Inflated surcharges

CHOICE finds credit card surcharges are money for jam for some retailers.
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04.Hidden surcharges

The Australian Competition and Consumer Commission (ACCC) states that when merchants charge their customers a credit card fee, they must ensure consumers know:

  • a credit card fee will apply; and
  • the amount of the fee before they enter into the transaction.

“The number one complaint we hear from consumers is that they didn’t know there was a surcharge until it was too late,” says Amex spokesperson Luisa Megale.


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Inadequate disclosure

Some participants in our diary survey said disclosure was inadequate. Respondents reported that:

  • in more than 10% of 163 recorded surcharging instances, they did not recall being notified at all
  • of those who were notified, one in four felt the notification was not prominent enough
  • just under one in five of the respondents who had been notified felt the timing of notification was inadequate. Sometimes this was because disclosure was made after the transaction had gone through.

One participant only noticed that Origin Gas charges a 0.6% fee after she had paid – “there’s a small notation on the bill about the surcharge; the fee is added to the next bill”.

Similar problems can arise when disclosure is verbal rather than in writing. One diary respondent found that a 3.5% fee for Amex at a hardware store was disclosed verbally and only as the transaction was being processed.

Around the airlines

In 2009, CHOICE awarded Qantas a Shonky for its $7.70/$25 per booking per passenger credit card surcharges, paid on domestic and international flights respectively. Assuming Qantas pays far below the average merchant service fees of 0.9% (MasterCard and Visa) and 1.9% (Amex), it’s probably a nice little earner.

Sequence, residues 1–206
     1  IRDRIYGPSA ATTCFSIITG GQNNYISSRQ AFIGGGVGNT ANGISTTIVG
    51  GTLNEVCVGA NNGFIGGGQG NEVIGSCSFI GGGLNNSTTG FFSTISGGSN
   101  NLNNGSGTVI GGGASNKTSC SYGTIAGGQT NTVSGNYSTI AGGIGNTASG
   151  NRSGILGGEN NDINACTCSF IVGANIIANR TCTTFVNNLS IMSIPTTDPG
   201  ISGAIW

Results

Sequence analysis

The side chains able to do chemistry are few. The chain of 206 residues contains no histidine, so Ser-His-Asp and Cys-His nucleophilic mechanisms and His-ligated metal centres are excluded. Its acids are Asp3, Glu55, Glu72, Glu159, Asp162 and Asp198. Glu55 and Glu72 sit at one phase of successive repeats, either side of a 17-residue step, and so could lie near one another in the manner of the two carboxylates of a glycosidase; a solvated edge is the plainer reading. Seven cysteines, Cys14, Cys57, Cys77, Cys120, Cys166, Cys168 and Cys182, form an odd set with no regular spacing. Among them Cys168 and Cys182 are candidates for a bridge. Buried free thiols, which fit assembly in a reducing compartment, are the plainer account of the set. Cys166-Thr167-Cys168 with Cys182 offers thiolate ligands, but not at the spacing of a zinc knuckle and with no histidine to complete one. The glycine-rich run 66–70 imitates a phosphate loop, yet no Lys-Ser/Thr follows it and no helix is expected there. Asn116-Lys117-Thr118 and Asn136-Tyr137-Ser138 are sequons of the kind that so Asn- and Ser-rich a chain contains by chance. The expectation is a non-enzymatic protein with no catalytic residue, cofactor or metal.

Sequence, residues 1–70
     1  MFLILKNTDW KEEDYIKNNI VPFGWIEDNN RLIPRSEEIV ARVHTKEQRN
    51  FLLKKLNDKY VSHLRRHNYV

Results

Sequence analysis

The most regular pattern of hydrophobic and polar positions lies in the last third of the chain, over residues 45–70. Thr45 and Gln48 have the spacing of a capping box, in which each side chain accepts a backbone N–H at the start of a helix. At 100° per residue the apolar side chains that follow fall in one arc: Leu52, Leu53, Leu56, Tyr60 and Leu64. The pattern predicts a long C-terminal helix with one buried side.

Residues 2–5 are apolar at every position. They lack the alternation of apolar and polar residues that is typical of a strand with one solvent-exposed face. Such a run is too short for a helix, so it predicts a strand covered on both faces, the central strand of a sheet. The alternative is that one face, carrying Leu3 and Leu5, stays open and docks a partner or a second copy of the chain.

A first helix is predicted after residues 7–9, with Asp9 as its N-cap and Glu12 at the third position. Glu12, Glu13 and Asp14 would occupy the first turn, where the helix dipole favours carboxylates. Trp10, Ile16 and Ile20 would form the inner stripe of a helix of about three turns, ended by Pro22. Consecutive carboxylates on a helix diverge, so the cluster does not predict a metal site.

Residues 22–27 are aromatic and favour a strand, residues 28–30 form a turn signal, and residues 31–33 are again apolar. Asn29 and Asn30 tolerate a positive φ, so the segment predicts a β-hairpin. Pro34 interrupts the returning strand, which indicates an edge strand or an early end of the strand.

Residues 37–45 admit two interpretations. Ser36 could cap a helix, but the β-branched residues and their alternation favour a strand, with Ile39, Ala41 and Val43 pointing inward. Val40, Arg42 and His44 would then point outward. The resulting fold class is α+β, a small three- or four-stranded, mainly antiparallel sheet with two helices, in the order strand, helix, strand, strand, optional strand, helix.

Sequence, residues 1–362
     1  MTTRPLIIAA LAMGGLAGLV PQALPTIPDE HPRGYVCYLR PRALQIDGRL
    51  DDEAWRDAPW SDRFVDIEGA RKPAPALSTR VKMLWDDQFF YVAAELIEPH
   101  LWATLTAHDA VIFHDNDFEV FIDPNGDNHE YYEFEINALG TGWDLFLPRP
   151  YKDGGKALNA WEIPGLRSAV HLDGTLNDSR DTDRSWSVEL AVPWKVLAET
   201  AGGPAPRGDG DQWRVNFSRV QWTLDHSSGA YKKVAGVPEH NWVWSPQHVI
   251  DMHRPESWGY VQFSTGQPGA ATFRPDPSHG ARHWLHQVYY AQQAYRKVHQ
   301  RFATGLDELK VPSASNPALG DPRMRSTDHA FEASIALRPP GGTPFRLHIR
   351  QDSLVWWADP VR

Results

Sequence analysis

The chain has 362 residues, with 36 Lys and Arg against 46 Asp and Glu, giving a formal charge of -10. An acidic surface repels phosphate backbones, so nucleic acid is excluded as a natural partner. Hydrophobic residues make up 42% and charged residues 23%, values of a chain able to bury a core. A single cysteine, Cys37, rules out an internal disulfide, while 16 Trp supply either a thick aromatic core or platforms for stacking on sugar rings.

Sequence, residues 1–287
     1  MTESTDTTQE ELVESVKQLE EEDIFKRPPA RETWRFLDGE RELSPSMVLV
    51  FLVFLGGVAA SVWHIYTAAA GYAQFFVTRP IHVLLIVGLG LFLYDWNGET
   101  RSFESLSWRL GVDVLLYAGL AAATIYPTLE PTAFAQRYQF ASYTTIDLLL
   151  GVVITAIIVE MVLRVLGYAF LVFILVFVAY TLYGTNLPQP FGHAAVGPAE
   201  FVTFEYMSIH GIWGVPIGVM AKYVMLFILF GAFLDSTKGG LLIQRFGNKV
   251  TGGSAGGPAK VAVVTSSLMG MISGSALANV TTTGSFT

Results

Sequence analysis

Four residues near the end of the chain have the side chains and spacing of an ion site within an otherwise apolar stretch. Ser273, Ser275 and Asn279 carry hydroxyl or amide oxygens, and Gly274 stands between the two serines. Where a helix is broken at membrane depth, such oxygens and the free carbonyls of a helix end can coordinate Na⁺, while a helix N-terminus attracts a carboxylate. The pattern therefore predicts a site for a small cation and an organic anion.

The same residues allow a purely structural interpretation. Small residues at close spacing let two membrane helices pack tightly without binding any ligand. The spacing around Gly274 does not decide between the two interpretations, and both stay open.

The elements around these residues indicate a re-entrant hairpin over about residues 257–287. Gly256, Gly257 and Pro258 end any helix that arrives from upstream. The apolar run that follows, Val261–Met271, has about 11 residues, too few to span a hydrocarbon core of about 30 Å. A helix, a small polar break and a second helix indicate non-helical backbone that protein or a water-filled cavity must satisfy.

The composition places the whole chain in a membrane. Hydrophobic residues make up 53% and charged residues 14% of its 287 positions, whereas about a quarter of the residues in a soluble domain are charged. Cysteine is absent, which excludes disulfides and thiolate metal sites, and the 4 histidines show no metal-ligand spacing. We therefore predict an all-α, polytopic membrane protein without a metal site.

The surcharge on small-value bookings is exactly the same as for large-value bookings. And because all cardholders pay the same blended surcharge, those with standard Visa and MasterCard subsidise the cost of Amex cards and the benefits of those with loyalty programs. Qantas commented that it “ strongly rejects any suggestion that its card payment fees are somehow shonky or that Qantas is gaining a windfall from them.” The airline said all merchants were allowed to decide their own surcharges under the 2002 Reserve Bank changes. “We believe our approach is straightforward, transparent and ensures consumers are always aware of what the additional cost will be. Our fees are fully disclosed and customers can use alternative means of payment.” The spokesman conceded, “We do not claim our card payment fees directly reflect the specific amount that a financial institution charges in respect of any particular transaction.” 

Virgin Blue charges a flat $3.50 per passenger, per sector, for domestic travel, and $6 per passenger, per sector, for international; Tiger charges $7.20 per passenger and sector for domestic travel, while Jetstar charges $3.50 per domestic and $5 per international flight. Rex is the only airline surveyed that applies percentage fees, which vary depending on the card.

Both Virgin and Jetstar allow consumers to use a new internet payment system called POLi to avoid paying a surcharge. However, consumer awareness and use of the systems is very low and some survey respondents were critical.


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